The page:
HTML and CSS Reference
● When linking to a file that is in a folder on the same level as the current folder,
the href value will use the "../" notation to indicate moving up one level and
then down to the chosen folder. For example, to link to the bathing.html page in
the services folder from the collars.html page in the products folder, code the
anchor element as follows:
<a href="../services/bathing.html">Dog Bathing</a>
Don't worry if the use of "../" notation and linking to files in different folders seems
new and different. In most of the exercises in this topic you will code either absolute
links to other Web sites or relative links to files in the same folder.
The target attribute can be used on the anchor to open a link in a new browser window.
<a href="http://yahoo.com" target="_blank">Yahoo!</a>
will open Yahoo!'s home page in a new window. Why not create a test page and try it?
The target attribute with the value "_blank" configures the Web page to open in a
new browser window.
By now you should be comfortable with hyperlinks. You may have noticed that these
links display the top of the Web page. Sometimes it is helpful to link to an exact position
on a Web page instead of to the top of the page. Internal links are used for this function.
There are times when you need to provide the capability to link to a specific portion
of a Web page. You can accomplish this by coding a hyperlink to a fragment identifier
(sometimes called a named fragment or fragment id) which is simply an XHTML element
assigned to an id. Lists of frequently asked questions (FAQs) often use this technique.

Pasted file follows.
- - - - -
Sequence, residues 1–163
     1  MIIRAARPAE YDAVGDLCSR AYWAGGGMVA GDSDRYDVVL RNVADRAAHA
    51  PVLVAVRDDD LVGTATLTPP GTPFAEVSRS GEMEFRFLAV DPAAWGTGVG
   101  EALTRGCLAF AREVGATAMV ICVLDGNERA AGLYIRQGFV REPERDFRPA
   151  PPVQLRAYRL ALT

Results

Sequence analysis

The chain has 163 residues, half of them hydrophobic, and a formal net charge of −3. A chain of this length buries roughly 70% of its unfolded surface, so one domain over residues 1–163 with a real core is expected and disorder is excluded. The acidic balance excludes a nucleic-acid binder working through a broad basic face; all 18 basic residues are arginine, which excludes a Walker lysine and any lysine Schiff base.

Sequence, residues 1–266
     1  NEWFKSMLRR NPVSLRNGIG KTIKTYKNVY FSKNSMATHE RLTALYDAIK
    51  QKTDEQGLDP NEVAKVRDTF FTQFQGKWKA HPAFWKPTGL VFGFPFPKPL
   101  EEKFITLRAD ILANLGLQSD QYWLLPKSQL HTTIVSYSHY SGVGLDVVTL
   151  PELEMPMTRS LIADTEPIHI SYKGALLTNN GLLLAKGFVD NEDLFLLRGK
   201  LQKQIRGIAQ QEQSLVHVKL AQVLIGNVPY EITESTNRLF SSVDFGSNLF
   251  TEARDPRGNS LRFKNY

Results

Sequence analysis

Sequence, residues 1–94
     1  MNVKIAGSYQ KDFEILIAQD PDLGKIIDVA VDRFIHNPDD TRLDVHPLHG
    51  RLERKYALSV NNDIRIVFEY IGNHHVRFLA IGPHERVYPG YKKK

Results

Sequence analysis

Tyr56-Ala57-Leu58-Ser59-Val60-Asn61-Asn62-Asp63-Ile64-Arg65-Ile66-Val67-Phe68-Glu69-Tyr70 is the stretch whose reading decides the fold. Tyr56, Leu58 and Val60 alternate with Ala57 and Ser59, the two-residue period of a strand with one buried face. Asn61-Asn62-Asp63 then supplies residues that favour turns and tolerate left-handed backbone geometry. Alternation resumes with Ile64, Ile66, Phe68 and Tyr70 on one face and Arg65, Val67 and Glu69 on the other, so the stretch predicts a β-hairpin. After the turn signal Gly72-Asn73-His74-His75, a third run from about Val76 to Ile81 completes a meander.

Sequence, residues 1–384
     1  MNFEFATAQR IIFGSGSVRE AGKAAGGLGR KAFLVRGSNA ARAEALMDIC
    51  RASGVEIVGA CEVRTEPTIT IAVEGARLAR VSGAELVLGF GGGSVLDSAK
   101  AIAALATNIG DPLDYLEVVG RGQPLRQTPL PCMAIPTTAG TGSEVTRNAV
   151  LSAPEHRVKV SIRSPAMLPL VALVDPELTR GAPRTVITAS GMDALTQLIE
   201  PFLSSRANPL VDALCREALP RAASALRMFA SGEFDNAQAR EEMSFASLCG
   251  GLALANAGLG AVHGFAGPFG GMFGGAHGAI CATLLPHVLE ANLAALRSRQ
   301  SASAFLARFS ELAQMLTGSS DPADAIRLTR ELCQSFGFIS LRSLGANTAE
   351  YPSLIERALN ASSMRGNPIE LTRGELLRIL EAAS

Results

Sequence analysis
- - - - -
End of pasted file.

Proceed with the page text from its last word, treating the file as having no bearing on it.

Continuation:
Other applications of fragment identifiers include hyperlinks that skip to the content
of a page or skip back to the top of the page.
There are two components to your coding when using fragment identifiers:
1. The tag that identifies the named fragment of a Web page. The tag must be
assigned to an id. For example, <div id="content"> .
2. The anchor tag that links to the named fragment on a Web page.
Focus on Accessibility
To see how these two components are used, consider that to provide for accessibility,
Web pages may have a fragment identifier to indicate the beginning of the actual page
content. When the visitor clicks on the “skip to content” hyperlink, the browser links to
the fragment identifier and shifts focus to the content area of the page. This “skip to
content” or “skip navigation” link provides a way for screen reader users to skip repeti-
tive navigation links (see Figure 7.2). This is accomplished in two steps as follows:
1. Establish Target. Create the “skip to content” fragment identifier by configuring a
<div> that contains the page content with an id, for example:
2. Reference Target. At the point of the page where you want to place a hyperlink
to the content, type an anchor element. Use the href attribute and place a #